One of my readers is an expert at the moral argument, and wrote a number of articles about his experiences talking to non-Christians about it. He comes from a liberal Christian background, so his views and experiences are not the result of growing up in a conservative Christian environment.
In the first article, he talks about what theists mean when we say that atheists can’t rationally ground objective morality:
They misunderstand us to be implying that they are immoral people. But this is not at all what we are saying. Since we believe that the moral law is incumbent upon every human, and is woven into the very fabric of our souls, we are not at all surprised to find even atheists dancing to its tune (to mix my metaphors). The fact that atheists very much want to be thought of as good people is only a tacit admission that they understand that there is such a thing as “good” and that it is good to be good. But if morality is merely a human convention, then the most that an atheist can be claiming is that they are morally fashionable.
There’s no moral credit for doing that.
In the second article, he talks about whether atheists can “reason” their way to correct moral views, if their conception of reality says that the universe and humans are accidents:
A chance ethical system cannot do the trick if it is true that there are right and wrong answers. If there are indeed objectively right answers to moral questions, then reason is certainly an ally, since it can help us to assess the conditions and marshal our intuitions, but it does not in itself make the answer right. Neither does an ethical system make right answers; it can only (if legitimate) help us to navigate through real passes with real reefs and currents. But you could never say that any ship of history had hit a reef unless you were first willing to admit that things such as ships and reefs actually existed. That’s a very big pill to swallow for anyone committed to a purely material world, where truth and ethics extend no farther than the will and imagination of the biochemical flukes we call “humans.”
In the third article, he takes on the argument by atheists that much of the moral evil in the world is due to theists:
When asking whether a behavior is caused by a belief system it must first be determined if that behavior is consistent with the beliefs in question. For a religion like Christianity there is some hope of doing so, since it is founded upon certain doctrines and is in possession of a guidebook — the Bible — to which one might appeal in making a ruling. For this reason a strong case can be made that most of what is commonly credited to Christianity is actually a violation of its fundamental principles. It is not consistent with Christianity; it is antithetical to it. And if something is inconsistent with a thing it is hard to make a case that it is caused by that thing.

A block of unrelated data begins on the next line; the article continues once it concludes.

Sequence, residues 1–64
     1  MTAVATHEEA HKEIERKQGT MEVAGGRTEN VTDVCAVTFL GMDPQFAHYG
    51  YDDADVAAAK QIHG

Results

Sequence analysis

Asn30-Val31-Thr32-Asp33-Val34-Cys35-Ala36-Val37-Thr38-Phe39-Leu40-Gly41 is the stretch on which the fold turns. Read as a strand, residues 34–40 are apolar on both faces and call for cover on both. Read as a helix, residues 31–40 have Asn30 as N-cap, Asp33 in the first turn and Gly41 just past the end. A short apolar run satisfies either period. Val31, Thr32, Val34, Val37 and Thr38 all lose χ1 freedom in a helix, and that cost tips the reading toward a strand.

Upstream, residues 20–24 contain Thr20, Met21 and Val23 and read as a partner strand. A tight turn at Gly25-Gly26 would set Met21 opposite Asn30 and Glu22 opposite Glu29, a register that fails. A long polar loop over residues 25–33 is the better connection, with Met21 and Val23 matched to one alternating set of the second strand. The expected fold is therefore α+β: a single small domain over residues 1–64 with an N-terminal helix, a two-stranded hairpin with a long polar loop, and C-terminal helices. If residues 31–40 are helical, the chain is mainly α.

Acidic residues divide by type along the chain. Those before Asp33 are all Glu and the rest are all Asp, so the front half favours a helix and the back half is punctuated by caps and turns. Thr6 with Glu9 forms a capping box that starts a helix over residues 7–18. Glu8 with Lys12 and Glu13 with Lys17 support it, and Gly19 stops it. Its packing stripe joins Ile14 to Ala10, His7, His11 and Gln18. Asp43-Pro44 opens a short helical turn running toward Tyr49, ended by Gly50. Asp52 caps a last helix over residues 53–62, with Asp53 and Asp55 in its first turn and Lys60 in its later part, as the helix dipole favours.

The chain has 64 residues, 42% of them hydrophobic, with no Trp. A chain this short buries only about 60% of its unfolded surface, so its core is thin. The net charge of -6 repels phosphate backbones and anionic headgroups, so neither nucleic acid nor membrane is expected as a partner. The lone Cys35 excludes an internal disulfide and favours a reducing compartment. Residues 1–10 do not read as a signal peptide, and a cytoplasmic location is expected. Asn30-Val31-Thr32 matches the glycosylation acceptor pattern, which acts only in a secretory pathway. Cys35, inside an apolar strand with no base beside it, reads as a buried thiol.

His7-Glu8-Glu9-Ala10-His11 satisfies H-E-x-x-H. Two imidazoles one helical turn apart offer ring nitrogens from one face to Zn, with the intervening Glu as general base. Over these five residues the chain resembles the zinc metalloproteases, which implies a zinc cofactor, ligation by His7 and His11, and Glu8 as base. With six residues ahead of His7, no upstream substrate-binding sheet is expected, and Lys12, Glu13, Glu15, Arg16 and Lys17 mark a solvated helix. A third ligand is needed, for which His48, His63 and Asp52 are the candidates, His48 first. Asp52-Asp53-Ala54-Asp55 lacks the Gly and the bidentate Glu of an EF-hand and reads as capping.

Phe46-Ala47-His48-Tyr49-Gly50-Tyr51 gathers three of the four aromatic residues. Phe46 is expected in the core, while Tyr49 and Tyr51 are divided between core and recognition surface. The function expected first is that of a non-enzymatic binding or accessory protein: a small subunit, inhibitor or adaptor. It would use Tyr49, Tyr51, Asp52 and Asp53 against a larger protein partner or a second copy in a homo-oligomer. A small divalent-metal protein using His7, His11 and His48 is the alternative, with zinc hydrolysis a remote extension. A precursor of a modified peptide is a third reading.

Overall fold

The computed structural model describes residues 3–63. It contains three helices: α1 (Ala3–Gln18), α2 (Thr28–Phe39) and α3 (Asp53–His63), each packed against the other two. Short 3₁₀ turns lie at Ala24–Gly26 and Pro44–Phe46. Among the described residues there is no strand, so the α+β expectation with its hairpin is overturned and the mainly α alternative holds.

In the fourth article, he talks about how atheists misunderstand the purpose of acting morally in Christianity:
The irony is that Christianity does not even teach that we win heaven by virtue of our good works. In fact, it may be the only religion that explicitly rejects such an idea. For example, Islam actually teaches that our good deeds must outweigh our bad, and Eastern religions teach that we must work our way to enlightenment through various moral and spiritual practices. By contrast, Christianity teaches that we must put aside our futile thoughts of measuring up to God’s perfect standard and throw ourselves upon the mercy of His court. We have but to accept, as spiritual beggars, the provision He has made to cover our sin and win our righteousness in Christ.
Good works come as a result of our love and gratitude toward our creator and redeemer; they are not the cause of our redemption. The Christian ideal is to be good for God’s sake, not for the sake of what He can do for us. God is not to be confused with Santa Claus. To think otherwise is to make the mistake that Satan made regarding Job’s motivation for righteous living (Job 1:9-11).
In the fifth article, he talks about whether atheists can rationally ground the claim that they are “good” at morality:
As it turns out, most atheists who like to think of themselves as moral do so with a sense that they are saying something particularly meaningful. The implication is that they have access to moral knowledge that they are committed to put into practice. It is something like saying that you are a good baseball player, which refers to a particular game with known rules and objectives that you skillfully follow. If this is not true, then a moral atheist is just asserting that they follow their own desires; they are saying little more than, “I do what I feel like doing, and whatever I do I call ‘good.'”
It might be a fun activity to read these posts, then find an atheist and ask them whether they are a good person, and what do they mean by “good” and “evil”. Ask them whether they are making free decisions, and how can that be possible if they are just made out of matter. The moral argument is the most accessible argument to discuss with non-Christians.